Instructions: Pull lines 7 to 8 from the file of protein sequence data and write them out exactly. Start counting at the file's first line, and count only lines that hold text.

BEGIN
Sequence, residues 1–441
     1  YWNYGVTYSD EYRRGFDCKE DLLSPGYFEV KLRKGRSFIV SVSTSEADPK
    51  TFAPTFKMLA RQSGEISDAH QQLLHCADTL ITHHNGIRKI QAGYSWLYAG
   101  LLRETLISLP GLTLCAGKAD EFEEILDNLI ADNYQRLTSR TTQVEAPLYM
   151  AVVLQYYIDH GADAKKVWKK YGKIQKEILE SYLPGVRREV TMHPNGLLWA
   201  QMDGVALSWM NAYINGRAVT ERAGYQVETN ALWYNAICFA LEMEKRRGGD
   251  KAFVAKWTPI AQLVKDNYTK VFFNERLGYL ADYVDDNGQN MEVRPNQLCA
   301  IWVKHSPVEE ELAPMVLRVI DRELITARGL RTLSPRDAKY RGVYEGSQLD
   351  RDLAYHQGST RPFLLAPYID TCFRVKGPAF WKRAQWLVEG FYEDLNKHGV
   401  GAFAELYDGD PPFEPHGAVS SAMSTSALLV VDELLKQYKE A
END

   251  KAFVAKWTPI AQLVKDNYTK VFFNERLGYL ADYVDDNGQN MEVRPNQLCA
   301  IWVKHSPVEE ELAPMVLRVI DRELITARGL RTLSPRDAKY RGVYEGSQLD